5. Hazen, Robert (1999), The Diamond Makers, Cambridge: Cambridge University Press, ISBN 0-521-65474-2<templatestyles src="Module:Citation/CS1/styles.css"></templatestyles>
  6. Neurath, Otto (1938). "Unified Science as Encyclopedic Integration". International Encyclopedia of Unified Science. 1 (1): 1–27.<templatestyles src="Module:Citation/CS1/styles.css"></templatestyles>
  7. Nuland, Sherwin. How We Die: Reflections on Life's Final Chapter. Vintage Press, 1995. ISBN 0-679-74244-1.
  8. Ayn Rand Institute discussion on assisted suicide. Retrieved on 2012-01-28.
  9. Euthanasia Research and Guidance Organization. (2003-06-13). Retrieved on 2012-01-28.
  10. "Bakhuys Roozeboom Fund laureates". Royal Netherlands Academy of Arts and Sciences. Retrieved 13 January 2011.<templatestyles src="Module:Citation/CS1/styles.css"></templatestyles>
  11. "Comstock Prize in Physics". National Academy of Sciences. Retrieved 13 February 2011.<templatestyles src="Module:Citation/CS1/styles.css"></templatestyles>
  12. James Sheire (February 1975), National Register of Historic Places Inventory-Nomination: Percy Bridgman House / Bridgman House-Buckingham School (PDF), National Park Service, retrieved 2009-06-22<templatestyles src="Module:Citation/CS1/styles.css"></templatestyles> and Accompanying one photo, exterior, from 1975 PDF (519 KB)
  13. page on bridgmanite. Retrieved on 2014-06-03.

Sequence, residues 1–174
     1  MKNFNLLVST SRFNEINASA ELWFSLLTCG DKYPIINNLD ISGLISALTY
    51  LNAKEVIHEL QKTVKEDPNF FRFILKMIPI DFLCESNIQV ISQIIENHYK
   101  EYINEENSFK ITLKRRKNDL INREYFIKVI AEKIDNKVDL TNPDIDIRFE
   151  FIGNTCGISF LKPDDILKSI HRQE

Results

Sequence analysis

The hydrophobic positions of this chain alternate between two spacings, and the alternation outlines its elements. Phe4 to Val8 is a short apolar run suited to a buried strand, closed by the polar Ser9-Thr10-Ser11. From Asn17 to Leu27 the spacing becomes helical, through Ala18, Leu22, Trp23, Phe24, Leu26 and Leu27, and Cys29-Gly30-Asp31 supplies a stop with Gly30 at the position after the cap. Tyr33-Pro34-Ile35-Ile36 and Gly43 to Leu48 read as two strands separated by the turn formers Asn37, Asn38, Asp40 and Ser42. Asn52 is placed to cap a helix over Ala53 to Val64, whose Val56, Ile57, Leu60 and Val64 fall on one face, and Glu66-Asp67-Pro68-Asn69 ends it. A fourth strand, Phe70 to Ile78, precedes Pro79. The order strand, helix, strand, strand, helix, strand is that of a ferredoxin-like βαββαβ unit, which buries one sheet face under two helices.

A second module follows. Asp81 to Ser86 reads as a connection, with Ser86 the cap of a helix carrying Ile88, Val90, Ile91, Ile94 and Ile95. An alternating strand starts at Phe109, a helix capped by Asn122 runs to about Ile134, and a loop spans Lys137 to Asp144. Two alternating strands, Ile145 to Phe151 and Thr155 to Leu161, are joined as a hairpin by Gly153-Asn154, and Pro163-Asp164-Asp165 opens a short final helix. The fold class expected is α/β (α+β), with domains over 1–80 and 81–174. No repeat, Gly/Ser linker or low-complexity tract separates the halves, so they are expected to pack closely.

14. Murakami, M.; Sinogeikiin S.V.; Hellwig H.; Bass J.D.; Li J. (2007). "Sound velocity of MgSiO3 perovskite to Mbar pressure" (PDF). Earth and Planetary Science Letters. Elsevier. 256: 47–54. Bibcode:2007E&PSL.256...47M. doi:10.1016/j.epsl.2007.01.011. Retrieved 7 June 2012.<templatestyles src="Module:Citation/CS1/styles.css"></templatestyles>
  15. Kovarik, A. F. (1929). "Review: The Logic of Modern Physics by P. W. Bridgman" (PDF). Bull. Amer. Math. Soc. 35 (3): 412–413. doi:10.1090/s0002-9904-1929-04767-0.<templatestyles src="Module:Citation/CS1/styles.css"></templatestyles>
  16. Riepe, D. (1950). "Book Review: Reflections of a Physicist, by P. W. Bridgman". Popular Astronomy. 58: 367–368. Bibcode:1950PA.....58..367R.<templatestyles src="Module:Citation/CS1/styles.css"></templatestyles>

Further reading

  • Walter, Maila L., 1991. Science and Cultural Crisis: An Intellectual Biography of Percy Williams Bridgman (1882–1961). Stanford Univ. Press.
  • McMillan, Paul F (2005), "Pressing on: the legacy of Percy W. Bridgman.", Nature Materials (published Oct 2005), 4 (10), pp. 715–8, Bibcode:2005NatMa...4..715M, doi:10.1038/nmat1488, PMID 16195758<templatestyles src="Module:Citation/CS1/styles.css"></templatestyles>

External links

Academic offices
Preceded by
Theodore Lyman
Hollis Chair of Mathematics and Natural Philosophy
Succeeded by
John Hasbrouck Van Vleck